Building a bike yourself.



Andy Jennings

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Nov 3, 2016
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Now please keep in mind that I have just come back to cycling after 15 years and my knowledge is outdated to say the least, so my apologies in advance for incorrect terminology.

Just how hard is it to build a bike from components yourself?

I ask this for a very simple reason. I live in Thailand, where people tend to be much shorter than my 6 ft, and it is next to impossible to get bigger than a medium frame or custom bike made, as far as my limited time searching has found anyway.

To that end I am looking at my next bike, for when I reach my goal weight as a reward to myself. Importing expensive items can be a VERY expensive issue in regard to Tax and payments to grease the way, so I tend to think I need to avoid that where possible. Good components, however are fairly easy to get. So I am looking at importing a frame and getting rest of the components, where I can, locally. My problem is, though, that I have little to no idea how easy it would be to actually construct the bike, and adjust things like the derailleurs correctly.

Although not much of a mechanic, never needed to be, I am able to learn and there is a bike mechanic fairly near to me that would be able to assist if I was unable to get something right.

So that led to the question...how hard is it to build a bike from components?

Any guidance please?
 

dabac

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Sep 16, 2003
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Generally speaking, bike parts tends to be considerably more expensive when bought piecemeal as compared to when bought as a complete bike. You need to be very skilled at bargain hunting or have a big stash of parts before building a bike becomes financially sensible.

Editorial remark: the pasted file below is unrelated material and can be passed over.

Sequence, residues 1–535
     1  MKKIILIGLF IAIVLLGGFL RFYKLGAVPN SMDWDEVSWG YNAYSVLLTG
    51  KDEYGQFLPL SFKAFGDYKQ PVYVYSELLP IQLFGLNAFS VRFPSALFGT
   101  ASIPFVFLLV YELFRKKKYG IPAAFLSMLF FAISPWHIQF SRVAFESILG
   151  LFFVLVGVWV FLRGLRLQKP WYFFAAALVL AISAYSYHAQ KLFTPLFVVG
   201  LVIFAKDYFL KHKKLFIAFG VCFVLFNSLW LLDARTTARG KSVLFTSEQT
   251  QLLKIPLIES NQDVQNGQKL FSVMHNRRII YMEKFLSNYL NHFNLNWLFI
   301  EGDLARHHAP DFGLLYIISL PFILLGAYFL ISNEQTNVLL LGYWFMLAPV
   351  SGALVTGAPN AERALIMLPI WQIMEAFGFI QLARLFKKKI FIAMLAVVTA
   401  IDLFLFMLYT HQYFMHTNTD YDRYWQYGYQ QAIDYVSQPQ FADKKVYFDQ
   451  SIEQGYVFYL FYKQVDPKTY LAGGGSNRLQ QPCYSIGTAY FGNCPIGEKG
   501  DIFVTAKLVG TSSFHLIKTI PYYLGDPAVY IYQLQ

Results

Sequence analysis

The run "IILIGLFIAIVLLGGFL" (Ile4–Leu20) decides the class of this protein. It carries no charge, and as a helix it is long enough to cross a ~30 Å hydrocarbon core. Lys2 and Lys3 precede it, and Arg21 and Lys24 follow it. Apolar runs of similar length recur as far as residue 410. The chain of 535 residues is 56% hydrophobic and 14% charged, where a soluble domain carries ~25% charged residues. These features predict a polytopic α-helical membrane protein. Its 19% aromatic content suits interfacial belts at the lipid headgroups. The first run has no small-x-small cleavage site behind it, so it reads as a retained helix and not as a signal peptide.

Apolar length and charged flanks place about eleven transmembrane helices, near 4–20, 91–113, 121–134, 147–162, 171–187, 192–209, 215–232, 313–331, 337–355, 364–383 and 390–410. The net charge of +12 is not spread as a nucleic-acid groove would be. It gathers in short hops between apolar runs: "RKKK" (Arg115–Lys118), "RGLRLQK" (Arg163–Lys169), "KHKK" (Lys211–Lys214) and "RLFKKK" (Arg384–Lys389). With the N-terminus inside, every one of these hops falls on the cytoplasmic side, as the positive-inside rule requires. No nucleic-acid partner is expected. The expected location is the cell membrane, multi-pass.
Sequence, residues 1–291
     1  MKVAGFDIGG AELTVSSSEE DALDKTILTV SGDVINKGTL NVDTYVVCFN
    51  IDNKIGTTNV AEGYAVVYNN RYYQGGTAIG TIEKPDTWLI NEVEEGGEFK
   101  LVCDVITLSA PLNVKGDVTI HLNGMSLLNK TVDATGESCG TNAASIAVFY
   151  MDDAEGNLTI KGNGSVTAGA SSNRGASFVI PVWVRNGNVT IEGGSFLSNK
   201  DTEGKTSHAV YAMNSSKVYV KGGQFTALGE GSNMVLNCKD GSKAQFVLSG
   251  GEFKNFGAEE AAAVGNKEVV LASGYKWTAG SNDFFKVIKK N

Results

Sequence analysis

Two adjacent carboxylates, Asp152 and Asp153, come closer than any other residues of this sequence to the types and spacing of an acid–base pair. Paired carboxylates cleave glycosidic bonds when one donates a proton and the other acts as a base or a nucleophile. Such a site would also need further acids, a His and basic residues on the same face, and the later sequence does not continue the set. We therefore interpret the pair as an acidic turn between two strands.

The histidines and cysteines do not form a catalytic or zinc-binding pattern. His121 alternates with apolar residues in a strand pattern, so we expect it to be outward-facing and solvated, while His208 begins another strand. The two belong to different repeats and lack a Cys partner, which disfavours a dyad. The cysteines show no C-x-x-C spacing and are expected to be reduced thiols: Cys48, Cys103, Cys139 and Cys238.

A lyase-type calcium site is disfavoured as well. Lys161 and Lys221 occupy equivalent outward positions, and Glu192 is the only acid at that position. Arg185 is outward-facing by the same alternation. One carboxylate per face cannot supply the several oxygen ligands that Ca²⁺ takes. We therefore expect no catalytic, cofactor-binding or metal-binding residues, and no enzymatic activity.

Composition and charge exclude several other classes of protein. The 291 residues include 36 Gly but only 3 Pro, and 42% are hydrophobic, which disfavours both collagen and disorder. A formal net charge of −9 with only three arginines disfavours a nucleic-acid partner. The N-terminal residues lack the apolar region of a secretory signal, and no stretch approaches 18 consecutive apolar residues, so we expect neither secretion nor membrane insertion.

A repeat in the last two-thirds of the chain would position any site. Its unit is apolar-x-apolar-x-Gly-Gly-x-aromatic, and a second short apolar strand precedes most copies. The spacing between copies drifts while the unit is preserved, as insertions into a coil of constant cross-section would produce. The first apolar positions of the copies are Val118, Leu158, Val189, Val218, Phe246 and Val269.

If you have a certain frame you want to dress up it can make sense to buy a donor bike to transfer as many parts as possible from instead of buying piece-by-piece.
Although it is rare to achieve a complete transfer. Seat posts/seat tubes, bottom brackets, front derailers are things that you still might need to buy.
As to how hard:
- difficult to tell. Setting headsets requires some special tools.
Bottom bracket shell might need to be faced. Headset bearing seats might need to be reamed/faced. These are not tools anyone would have.
The rest is pretty much basic assembly.
 

Andy Jennings

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Nov 3, 2016
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Thanks for the reply dabac.

I'll have to check with my LBS around here to see if anyone can help with the points mentioned in your post I think then. My problem is actually getting a frame my size her at all tbh. If I import one I will be up for 17% tax, at least, an any other helpful little palm greasing I need to do. Then should e able to source the rest of the components here in Thailand.

I haven't been able to find some one to build a custom bike for me here either, but that cost is high as well of course.